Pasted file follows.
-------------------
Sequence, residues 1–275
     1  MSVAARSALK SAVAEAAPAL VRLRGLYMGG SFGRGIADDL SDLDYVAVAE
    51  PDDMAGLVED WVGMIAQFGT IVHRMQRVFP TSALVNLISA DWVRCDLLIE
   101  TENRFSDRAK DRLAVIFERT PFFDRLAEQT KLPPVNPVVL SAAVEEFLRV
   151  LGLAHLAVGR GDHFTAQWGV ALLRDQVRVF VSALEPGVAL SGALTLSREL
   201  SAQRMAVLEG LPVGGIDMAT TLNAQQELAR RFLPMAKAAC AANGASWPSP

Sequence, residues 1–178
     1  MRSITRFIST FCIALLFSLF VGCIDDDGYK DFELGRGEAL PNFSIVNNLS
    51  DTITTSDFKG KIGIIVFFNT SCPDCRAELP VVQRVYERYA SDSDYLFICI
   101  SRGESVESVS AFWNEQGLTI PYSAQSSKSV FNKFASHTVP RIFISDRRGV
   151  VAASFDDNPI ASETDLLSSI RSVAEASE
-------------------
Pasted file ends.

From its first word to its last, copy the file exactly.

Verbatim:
Sequence, residues 1–275
     1  MSVAARSALK SAVAEAAPAL VRLRGLYMGG SFGRGIADDL SDLDYVAVAE
    51  PDDMAGLVED WVGMIAQFGT IVHRMQRVFP TSALVNLISA DWVRCDLLIE
   101  TENRFSDRAK DRLAVIFERT PFFDRLAEQT KLPPVNPVVL SAAVEEFLRV
   151  LGLAHLAVGR GDHFTAQWGV ALLRDQVRVF VSALEPGVAL SGALTLSREL
   201  SAQRMAVLEG LPVGGIDMAT TLNAQQELAR RFLPMAKAAC AANGASWPSP

Sequence, residues 1–178
     1  MRSITRFIST FCIALLFSLF VGCIDDDGYK DFELGRGEAL PNFSIVNNLS
    51  DTITTSDFKG KIGIIVFFNT SCPDCRAELP VVQRVYERYA SDSDYLFICI
   101  SRGESVESVS AFWNEQGLTI PYSAQSSKSV FNKFASHTVP RIFISDRRGV
   151  VAASFDDNPI ASETDLLSSI RSVAEASE